Yellow Symbolism - An Explosion of Color


Yellow Symbolism - An Explosion of Color

Do you know of anything more recharging than sunlight? The sun filtering through the tree fronts or a sunny morning at the beach can give incredible energy! The perception of the yellow sun rays has a boosting effect that is favorable for the eyes and mind. Yellow is the color of enthusiasm, brightness, and joy. It attracts attention, enlightening good humor, and encouraging better communication. Yellow is the color of mind activation and knowledge. Associated with divine light or the luminous chariot which mythologically carried the sun, it is the pigment of the morning, of the awakening. It bursts forth thunderously after dark: it embodies rebirth, energy, the most productive and golden hours of the morning.

This summer, we want to continue our series of in-depth stories dedicated to colors symbolism in art by focusing on this energizing pigment. We have already dived into the conceptuality of black and white and the intense passion of red, now it is time to recharge our batteries with yellow, in an attempt to capture some of its activating power!

Yellow Sun, via Unsplash

Always commonly associated with light, sun, warmth, and praised for its capability to activate thinking and creativity, the colour yellow also has its shadows and dark sides. This stimulating color symbolism is not common in all cultures. The yellow pigment in art and cultures embodies different meanings and carries the legacy of different sensations and significances. 

The word yellow already tells us a lot about its characteristics. it almost certainly derives from the Old English word geolu, which shares the etymological root with the verb ghel,  'to shine'. However, being so bright is not always synonymous with enhancing and positive vibes. From a scientific point of view, yellow is in the middle of the visible spectrum, and it is cognitively the most visible color to the human eye. In the triadic color scheme, it is found paired with red and blue and stands out when matched with its opposite and complementary pigment: violet. Yellow is visibly the most attention-grabbing of all the colors in the color scheme. Its peripheral vision, for example, is 2.5 higher than that of red.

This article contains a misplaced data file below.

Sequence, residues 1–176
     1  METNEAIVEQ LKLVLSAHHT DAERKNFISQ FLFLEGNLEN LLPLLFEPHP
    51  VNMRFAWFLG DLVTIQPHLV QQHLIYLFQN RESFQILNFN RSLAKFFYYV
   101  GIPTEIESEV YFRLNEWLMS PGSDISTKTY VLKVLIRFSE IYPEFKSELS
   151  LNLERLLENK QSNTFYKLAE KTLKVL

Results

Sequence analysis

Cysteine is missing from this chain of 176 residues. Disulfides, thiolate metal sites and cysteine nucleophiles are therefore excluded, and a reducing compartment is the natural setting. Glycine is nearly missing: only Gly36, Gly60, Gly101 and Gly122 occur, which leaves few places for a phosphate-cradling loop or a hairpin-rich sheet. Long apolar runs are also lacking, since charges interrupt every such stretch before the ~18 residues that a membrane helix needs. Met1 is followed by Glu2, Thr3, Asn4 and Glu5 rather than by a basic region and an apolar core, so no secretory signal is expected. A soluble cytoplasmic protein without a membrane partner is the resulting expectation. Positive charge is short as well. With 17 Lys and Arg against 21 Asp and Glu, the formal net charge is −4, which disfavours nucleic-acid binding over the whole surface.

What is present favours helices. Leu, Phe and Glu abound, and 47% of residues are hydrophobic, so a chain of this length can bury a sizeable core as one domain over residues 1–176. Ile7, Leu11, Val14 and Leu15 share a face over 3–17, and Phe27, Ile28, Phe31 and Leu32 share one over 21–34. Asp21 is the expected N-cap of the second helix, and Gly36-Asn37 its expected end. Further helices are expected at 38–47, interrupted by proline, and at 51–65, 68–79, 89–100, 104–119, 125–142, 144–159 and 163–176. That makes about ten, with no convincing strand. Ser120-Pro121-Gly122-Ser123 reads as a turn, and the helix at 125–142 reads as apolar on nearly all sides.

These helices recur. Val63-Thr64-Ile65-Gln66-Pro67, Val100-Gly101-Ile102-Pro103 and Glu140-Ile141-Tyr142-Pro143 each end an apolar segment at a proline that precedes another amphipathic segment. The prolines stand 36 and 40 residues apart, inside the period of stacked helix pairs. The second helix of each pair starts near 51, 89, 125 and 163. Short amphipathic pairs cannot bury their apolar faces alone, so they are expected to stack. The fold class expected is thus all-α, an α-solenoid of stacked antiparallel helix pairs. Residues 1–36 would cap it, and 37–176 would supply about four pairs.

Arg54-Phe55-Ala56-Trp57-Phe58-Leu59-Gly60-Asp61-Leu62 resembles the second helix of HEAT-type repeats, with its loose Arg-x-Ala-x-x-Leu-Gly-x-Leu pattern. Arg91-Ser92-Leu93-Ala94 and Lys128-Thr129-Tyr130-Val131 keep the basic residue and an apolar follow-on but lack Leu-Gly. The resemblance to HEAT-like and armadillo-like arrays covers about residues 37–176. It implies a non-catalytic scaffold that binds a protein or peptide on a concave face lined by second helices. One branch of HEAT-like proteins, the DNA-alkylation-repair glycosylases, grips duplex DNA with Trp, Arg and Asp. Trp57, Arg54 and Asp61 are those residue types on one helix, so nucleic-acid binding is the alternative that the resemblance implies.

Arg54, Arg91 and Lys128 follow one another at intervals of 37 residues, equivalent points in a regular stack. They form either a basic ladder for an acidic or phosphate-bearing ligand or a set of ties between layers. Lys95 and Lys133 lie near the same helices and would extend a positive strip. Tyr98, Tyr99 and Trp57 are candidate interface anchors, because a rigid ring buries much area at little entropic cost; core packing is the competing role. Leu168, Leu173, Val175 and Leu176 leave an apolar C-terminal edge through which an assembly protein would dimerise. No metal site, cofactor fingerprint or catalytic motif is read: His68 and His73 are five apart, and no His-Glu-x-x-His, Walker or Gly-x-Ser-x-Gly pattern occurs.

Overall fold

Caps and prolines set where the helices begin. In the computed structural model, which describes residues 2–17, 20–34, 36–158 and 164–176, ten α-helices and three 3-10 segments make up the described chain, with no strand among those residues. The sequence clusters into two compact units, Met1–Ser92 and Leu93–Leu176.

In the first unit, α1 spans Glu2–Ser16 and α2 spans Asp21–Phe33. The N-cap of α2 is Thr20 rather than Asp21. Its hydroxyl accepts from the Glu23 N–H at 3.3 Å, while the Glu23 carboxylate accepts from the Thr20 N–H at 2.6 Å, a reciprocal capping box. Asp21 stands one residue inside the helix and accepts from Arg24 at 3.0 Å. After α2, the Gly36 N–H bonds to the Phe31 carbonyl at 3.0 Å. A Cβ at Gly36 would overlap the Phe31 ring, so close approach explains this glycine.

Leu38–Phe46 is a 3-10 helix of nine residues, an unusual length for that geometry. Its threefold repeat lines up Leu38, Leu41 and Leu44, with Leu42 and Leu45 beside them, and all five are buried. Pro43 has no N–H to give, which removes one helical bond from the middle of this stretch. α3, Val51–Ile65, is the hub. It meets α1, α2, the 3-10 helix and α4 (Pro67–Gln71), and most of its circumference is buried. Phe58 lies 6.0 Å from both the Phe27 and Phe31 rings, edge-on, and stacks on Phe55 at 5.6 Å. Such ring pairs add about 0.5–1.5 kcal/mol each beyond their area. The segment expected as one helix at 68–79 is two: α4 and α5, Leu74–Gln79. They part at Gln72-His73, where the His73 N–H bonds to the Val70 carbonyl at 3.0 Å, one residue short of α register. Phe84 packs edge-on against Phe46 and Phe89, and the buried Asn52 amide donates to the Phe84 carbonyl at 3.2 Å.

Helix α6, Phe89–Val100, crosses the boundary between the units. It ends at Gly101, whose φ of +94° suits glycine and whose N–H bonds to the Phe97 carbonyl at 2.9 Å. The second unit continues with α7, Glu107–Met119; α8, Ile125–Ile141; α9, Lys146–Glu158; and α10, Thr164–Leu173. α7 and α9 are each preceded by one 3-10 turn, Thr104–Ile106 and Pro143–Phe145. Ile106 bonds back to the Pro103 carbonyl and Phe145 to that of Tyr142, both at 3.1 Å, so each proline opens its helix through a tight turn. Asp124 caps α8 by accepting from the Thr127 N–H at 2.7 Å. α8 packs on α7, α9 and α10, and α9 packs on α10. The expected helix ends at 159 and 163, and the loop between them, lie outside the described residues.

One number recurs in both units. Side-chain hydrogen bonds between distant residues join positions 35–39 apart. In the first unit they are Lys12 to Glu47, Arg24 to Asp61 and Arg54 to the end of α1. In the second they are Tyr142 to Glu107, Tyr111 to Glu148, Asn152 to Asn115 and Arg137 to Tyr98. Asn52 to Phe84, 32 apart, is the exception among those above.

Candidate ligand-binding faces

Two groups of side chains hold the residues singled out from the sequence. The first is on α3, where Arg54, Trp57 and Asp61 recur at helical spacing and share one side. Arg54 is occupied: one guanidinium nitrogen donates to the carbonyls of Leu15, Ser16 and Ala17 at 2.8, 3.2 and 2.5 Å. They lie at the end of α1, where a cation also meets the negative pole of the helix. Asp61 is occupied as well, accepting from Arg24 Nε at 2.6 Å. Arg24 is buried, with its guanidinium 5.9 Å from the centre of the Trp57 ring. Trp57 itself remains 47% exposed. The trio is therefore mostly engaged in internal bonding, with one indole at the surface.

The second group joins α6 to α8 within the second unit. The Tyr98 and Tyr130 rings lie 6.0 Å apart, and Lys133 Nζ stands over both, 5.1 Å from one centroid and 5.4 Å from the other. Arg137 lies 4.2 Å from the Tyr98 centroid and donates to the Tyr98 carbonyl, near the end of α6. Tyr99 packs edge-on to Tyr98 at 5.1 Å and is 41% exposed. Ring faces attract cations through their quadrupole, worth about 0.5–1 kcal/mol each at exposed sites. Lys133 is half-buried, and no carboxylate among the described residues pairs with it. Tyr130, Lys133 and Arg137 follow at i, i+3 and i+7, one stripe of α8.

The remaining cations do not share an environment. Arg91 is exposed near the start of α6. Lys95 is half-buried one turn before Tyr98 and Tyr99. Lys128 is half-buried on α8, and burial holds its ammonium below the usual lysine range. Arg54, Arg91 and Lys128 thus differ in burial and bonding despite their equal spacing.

Yellow Light, via Unsplash


Being a warm color, yellow has been associated with cheerfulness: it is the color of bright ideas that light up and laughing emojis smileys. However, its brightness can also turn into overstimulation. Yellow creates hyper attention, anxiety, it can be disturbing. The importance of the colour yellow can also be seen in traffic signs. Yellow in that case becomes the colour of caution signals, which invite to stay alert and focused, or it is also the colorful sign of the crime scene. It is not a particularly emotional colour. On the contrary, it encourages analysis and staying focused and alert. This feeling of anxiety and hypervigilance is also visible in some yellow paintings and is known by artists who use bright colours with a connotation other than energy.

Yellow Caution, via Unsplash.


The color symbolism of yellow has changed over the centuries, and it still changes according to culture and geographical location. The history of yellow is ambiguous and contradictory. Initially used to represent the divine, its light, the hair of Jesus, as if it were a cheaper substitute for precious gold, it began to change in perception as early as the Middle Ages, taking on new negative connotations. For example, during the Medieval French Inquisition, the Cathars, who were considered heretics, were forced to wear yellow crosses for penance. Wearing yellows meant heresy also during the Spanish Inquisition when heretics wore yellow tunics. These historical facts rendered yellow in the common imagination being associated with treason and falsity. In fact, yellow in the artistic iconography was often used for the figure of Judas, the traitor par excellence, or for Mary Magdalene, who was the biblical prostitute before redemption. The yellow color was not a neutral colour in art history, but neither was it in religion and politics. In the terrible Nazi era, European Jews were forced to wear yellow patches depicting the Star of David to make themselves recognizable during persecution.

Read also: Berthe Morisot - Making An Impression